Encyclopedia Astronautica
Bell Project 7969



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Project 7969 Bell
Credit: © Mark Wade
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Project 7969 Designs
Project 7969 designs using extensive aerodynamic manoeuvring. From left: North American X-15B; Bell Dynasoar; Northrop Dynasoar; Republic Demi body; Avco manoeuvrable drag cone.
Credit: © Mark Wade
American manned spacecraft. Study 1958. Bell's preferred concept for the Air Force initial manned space project was the boost-glide vehicle they had been developing for the Dynasoar program.

When pressed they considered briefly a minimum vehicle, spherical in shape, weighing about 1,400 kg. But their baseline was the Dynasoar approach - 'anything else would be a stunt'. It was expected that a first manned orbital flight of the boost-glide vehicle could be achieved five years after a go-ahead at a cost of $ 889 million.

Gross mass: 8,200 kg (18,000 lb).

More... - Chronology...


Associated Countries
See also
  • Man-In-Space-Soonest The beginning of the Air Force's Man-In-Space-Soonest program has been traced back to a staff meeting of General Thomas S Power, Commander of the Air Research and Development Command (ARDC) in Baltimore on 15 February 1956. Power wanted studies to begin on manned space vehicles that would follow the X-15 rocketplane. These were to include winged and ballistic approaches - the ballistic rocket was seen as being a militarily useful intercontinental troop and cargo vehicle. More...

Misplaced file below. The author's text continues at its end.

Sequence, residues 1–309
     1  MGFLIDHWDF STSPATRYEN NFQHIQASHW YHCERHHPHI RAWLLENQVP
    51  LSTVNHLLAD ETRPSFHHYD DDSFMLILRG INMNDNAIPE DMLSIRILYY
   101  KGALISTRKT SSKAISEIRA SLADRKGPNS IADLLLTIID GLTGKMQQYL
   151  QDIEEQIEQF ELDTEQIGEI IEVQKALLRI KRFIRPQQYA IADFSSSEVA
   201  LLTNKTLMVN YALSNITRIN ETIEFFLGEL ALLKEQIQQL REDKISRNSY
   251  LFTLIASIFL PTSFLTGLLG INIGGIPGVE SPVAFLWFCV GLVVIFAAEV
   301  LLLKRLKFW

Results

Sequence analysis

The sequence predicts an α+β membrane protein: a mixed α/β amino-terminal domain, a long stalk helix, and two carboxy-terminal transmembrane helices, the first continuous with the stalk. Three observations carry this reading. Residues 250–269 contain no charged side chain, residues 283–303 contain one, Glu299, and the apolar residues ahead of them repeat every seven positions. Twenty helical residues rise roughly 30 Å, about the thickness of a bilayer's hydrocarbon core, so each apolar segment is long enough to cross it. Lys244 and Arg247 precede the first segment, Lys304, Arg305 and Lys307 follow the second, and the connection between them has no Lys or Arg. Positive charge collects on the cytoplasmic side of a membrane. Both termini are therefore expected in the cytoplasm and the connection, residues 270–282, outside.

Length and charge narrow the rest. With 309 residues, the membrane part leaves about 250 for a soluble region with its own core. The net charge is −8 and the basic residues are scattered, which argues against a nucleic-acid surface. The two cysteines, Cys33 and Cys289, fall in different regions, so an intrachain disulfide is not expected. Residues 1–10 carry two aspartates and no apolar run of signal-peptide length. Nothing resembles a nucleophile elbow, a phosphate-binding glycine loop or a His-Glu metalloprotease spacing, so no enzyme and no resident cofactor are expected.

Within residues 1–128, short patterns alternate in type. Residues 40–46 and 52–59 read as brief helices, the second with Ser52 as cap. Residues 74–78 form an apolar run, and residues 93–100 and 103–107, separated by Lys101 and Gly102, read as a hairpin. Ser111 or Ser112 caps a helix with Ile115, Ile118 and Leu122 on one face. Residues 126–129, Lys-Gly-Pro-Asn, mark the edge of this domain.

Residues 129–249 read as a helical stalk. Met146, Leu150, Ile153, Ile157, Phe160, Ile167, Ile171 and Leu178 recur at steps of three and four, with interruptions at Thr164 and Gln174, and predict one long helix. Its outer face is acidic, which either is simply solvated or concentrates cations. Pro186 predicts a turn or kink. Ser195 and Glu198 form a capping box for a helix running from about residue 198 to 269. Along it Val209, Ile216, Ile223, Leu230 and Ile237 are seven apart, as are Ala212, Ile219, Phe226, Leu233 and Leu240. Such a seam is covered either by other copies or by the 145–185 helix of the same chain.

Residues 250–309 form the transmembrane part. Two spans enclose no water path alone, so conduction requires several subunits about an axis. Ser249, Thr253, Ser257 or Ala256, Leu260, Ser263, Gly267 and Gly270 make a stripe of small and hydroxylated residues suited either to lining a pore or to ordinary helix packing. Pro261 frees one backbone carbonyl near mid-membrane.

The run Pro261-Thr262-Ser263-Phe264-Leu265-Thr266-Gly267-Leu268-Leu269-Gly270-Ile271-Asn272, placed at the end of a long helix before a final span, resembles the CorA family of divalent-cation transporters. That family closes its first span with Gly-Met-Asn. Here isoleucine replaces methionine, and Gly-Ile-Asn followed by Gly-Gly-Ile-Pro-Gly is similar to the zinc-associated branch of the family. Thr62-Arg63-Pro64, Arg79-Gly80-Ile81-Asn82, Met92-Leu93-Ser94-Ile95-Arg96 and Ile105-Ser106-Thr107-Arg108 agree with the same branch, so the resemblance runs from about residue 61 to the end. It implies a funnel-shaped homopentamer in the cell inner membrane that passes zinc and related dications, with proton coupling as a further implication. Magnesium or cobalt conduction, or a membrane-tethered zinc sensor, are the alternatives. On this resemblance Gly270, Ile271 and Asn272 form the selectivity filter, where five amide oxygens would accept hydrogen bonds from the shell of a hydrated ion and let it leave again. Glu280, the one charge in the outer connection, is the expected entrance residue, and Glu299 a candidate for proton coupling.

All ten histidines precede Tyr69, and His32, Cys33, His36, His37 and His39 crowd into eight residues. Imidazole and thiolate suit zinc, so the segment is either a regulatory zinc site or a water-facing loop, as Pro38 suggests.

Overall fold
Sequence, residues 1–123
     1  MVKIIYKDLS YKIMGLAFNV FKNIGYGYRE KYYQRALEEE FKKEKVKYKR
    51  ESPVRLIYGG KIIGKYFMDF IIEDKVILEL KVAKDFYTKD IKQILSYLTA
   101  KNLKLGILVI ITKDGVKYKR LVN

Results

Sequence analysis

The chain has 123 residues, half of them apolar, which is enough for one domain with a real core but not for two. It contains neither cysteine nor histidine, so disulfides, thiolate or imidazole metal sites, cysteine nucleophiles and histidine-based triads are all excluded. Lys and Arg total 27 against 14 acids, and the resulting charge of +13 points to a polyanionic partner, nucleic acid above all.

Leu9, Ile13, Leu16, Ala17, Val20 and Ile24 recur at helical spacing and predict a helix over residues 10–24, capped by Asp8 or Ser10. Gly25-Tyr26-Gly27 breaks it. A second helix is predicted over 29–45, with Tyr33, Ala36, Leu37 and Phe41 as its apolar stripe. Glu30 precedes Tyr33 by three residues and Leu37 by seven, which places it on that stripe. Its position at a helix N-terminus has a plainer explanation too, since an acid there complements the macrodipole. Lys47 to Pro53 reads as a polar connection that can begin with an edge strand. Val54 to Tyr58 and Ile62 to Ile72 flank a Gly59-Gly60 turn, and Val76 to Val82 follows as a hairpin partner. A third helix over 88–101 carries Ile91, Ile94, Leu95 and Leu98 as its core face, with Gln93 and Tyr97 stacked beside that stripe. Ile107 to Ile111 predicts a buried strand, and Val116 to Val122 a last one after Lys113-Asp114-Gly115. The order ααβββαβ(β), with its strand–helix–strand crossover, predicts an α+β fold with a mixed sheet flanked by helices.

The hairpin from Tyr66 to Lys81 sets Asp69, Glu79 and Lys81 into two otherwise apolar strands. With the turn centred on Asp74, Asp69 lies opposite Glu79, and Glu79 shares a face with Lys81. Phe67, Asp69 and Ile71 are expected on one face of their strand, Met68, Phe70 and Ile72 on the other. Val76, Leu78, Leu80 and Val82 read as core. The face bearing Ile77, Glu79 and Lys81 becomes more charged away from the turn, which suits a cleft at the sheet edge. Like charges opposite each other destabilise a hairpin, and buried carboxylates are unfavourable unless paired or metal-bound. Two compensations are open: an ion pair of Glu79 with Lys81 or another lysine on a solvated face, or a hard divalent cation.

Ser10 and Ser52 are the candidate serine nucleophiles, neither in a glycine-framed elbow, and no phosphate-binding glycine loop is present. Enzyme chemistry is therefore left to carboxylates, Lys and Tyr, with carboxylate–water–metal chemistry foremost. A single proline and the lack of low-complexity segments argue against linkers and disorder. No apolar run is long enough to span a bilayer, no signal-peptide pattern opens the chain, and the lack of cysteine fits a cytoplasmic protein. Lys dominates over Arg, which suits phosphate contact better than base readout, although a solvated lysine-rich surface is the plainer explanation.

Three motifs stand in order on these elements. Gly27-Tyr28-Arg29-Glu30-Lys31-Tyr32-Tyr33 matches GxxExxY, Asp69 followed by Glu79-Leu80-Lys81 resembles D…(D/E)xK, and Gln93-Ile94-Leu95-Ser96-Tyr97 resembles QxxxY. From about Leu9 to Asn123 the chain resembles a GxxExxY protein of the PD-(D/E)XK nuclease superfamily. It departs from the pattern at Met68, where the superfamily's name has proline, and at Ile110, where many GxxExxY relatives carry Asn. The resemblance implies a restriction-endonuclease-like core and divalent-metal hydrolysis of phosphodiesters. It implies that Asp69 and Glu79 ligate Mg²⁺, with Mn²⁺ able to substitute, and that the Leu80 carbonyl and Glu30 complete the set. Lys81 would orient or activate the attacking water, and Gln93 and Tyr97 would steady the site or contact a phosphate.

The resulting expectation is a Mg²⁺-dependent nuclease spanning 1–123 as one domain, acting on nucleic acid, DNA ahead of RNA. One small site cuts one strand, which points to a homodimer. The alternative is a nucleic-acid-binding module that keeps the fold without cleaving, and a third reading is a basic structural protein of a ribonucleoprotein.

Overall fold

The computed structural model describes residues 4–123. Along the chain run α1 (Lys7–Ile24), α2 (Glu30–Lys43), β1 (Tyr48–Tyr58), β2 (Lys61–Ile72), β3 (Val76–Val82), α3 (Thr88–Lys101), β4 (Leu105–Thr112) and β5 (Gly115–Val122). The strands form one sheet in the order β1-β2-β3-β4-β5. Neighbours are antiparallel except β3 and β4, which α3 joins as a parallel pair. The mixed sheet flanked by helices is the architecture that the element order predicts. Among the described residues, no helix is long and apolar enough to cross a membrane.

Associated Launch Vehicles
  • Titan American orbital launch vehicle. The Titan launch vehicle family was developed by the United States Air Force to meet its medium lift requirements in the 1960's. The designs finally put into production were derived from the Titan II ICBM. Titan outlived the competing NASA Saturn I launch vehicle and the Space Shuttle for military launches. It was finally replaced by the USAF's EELV boosters, the Atlas V and Delta IV. Although conceived as a low-cost, quick-reaction system, Titan was not successful as a commercial launch vehicle. Air Force requirements growth over the years drove its costs up - the Ariane using similar technology provided lower-cost access to space. More...

Associated Manufacturers and Agencies
  • USAF American agency overseeing development of rockets and spacecraft. United States Air Force, USA. More...
  • Bell American manufacturer of rockets, spacecraft, and rocket engines. ARC Liquid Propellant Division, Niagara Falls, NY, USA. More...

Bibliography
  • Baker, David, The History of Manned Spaceflight, Crown, New York, 1981.
  • Swenson, Grimwood, Alexander, Charles C, This New Ocean, Government Printing Office, 1966. Web Address when accessed: here.
  • Grimwood, James M., Project Mercury: A Chronology, NASA Special Publication-4001.

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